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8 Timesaving Tips with Windows Vista and Microsoft Office 2007

This article is taken from Microsoft Website By Stephanie Krieger, Document Production Expert


clip_image005No matter what your computer experience, when you start using new versions of the software you most depend on, it can take some time to discover favorite new features and timesavers. So, think of this article as a shortcut to some great new shortcuts.

While no single article could possibly include them all, each of the tips that follow either does more than I expected at first glance or simplifies something I need to do regularly.

Find whatever you need, when you need it

You need to find information in a document you recently reviewed, but don’t recall the document name or location. Or, perhaps that information was actually in an e-mail message or on a Web site you recently visited. Windows Vista Instant Search doesn’t care where your information is. Like a loyal bloodhound, Instant Search will find almost anything you seek.

Just type one or more keywords in the search box at the bottom of the Start menu and then click the magnifying glass icon that appears beside the box. Within seconds, the closest matches for your search appear right in the Start menu, categorized by type of content. For example, in the image that follows, notice that the results for my keyword webcasts include Web sites I’ve recently visited, some documents, and several e-mail messages. If you don’t see what you need in those immediate results, click See All Results to see all relevant files, Web pages, e-mail messages, and e-mail attachments. Or, to search the Internet for your keywords, click Search the Internet and Windows Vista takes you directly to Web search results for your keywords on (Windows Live Search, formerly MSN Search).

Get more tips for working with search options in Windows Vista.


View and copy document content without opening the document

Need to check some figures on one of several sheets in a Microsoft Office Excel 2007 workbook or copy some content from a Microsoft Office Word 2007 document? Don’t spend extra time opening the program and then opening your document. Windows Explorer in Windows Vista offers a new Preview pane that enables you to view all parts of your document, and even copy content, directly from Windows Explorer. Notice, for example, the data selected in the preview of a sample Excel workbook in the image that follows.


To open the Preview pane, on the Start menu click Computer to open a Windows Explorer window, or press Windows+E. On the Windows Explorer toolbar, click Organize, point to Layout, and then click Preview. Note that once the Preview pane is open, you can drag the left edge of the pane to reduce or increase its size.

Learn more about the available options for viewing files and folders with Windows Vista.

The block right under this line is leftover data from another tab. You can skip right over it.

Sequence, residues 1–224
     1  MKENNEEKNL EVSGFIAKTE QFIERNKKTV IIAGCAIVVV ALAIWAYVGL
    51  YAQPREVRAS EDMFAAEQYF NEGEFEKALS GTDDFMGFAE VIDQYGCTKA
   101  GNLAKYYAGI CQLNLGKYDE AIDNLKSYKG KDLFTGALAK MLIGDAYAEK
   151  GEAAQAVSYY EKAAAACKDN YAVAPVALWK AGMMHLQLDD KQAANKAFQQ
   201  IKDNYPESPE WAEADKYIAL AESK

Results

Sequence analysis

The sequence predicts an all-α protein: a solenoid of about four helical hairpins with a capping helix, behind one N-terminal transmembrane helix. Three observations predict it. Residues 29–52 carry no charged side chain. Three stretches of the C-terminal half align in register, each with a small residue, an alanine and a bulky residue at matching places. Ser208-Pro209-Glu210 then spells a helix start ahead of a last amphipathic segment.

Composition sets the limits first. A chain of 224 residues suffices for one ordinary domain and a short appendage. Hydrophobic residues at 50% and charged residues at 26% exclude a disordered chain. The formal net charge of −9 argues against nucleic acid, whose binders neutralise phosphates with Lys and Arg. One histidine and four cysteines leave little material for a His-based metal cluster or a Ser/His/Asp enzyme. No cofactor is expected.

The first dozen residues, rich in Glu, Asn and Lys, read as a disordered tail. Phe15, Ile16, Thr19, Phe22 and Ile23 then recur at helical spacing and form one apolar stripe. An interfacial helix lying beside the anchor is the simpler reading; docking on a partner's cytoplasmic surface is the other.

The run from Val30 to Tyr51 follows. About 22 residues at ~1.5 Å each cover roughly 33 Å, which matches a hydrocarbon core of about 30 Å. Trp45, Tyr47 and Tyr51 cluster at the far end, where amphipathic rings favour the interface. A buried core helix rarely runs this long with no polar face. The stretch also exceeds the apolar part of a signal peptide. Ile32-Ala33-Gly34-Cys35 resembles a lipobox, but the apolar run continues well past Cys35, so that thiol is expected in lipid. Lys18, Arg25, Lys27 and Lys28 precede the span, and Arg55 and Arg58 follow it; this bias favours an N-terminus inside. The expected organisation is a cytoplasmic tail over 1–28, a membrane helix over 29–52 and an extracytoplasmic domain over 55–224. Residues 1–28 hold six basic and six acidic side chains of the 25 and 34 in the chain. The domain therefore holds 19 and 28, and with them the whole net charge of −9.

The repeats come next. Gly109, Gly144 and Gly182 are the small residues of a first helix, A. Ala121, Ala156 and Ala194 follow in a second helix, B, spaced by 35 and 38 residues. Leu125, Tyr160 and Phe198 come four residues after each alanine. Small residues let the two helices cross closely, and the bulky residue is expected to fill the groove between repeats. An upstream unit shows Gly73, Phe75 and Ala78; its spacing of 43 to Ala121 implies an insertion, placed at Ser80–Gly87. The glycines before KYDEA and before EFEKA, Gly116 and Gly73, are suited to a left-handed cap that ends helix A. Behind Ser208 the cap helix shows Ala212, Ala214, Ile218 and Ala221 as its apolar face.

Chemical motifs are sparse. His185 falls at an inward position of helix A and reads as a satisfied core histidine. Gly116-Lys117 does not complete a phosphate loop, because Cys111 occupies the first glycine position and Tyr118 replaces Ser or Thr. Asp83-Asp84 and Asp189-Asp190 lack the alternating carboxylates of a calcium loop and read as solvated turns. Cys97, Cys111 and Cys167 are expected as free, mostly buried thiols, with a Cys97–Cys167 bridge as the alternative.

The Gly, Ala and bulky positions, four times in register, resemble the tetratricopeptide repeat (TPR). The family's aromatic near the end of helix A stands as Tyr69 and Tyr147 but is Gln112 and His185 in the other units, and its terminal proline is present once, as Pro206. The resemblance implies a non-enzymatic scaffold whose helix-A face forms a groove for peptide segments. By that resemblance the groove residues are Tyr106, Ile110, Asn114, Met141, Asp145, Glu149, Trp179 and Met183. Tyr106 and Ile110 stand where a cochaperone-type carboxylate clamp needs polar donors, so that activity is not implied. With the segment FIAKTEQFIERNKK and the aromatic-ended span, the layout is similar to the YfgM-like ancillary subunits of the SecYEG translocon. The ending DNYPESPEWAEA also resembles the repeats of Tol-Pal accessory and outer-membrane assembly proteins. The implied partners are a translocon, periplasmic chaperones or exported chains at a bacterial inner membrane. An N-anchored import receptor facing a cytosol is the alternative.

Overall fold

Restore previous file versions

You’re revising an important document and realize that the content you deleted an hour ago is information you still need. Are you out of luck? Do you have to recreate it? If you’re running Windows Vista Ultimate or Business editions, you could be in luck. These editions of Windows Vista include a shadow copy feature that enables you to access or restore previously saved versions of a document.

To see if a shadow copy exists for your document, do the following in Windows Explorer:


Right-click the document and then click Properties. (Note that you can also access Properties from the Organize button on the Windows Explorer toolbar.)


In the Properties dialog box, if the shadow copy feature is available in your edition of Windows Vista, you’ll see a Previous Versions tab. When you click the Previous Versions tab, Windows Vista searches for available shadow or back-up copies of your file, as you see in the image that follows.


Get answers to frequently asked questions about working with the Previous Versions capability in Windows Vista.

Find files more easily with new sort and filter options

If you’re like most computer users, including myself, you may often save documents and other files to the same folders, so that you have a tremendous amount of files in a single location. Windows Vista has a number of new tools to help you organize and locate folder content more easily, but my favorite is the set of new sort and filter options you get for any folder.

When you open a folder in a Windows Explorer, point to any column heading (such as Name or Date Modified) and you’ll see a dropdown arrow. Click that arrow for a pop-up menu of options including the ability to sort, filter, group, and stack the files. For example, take a look at the options available for the Date Modified fields shown in the following image.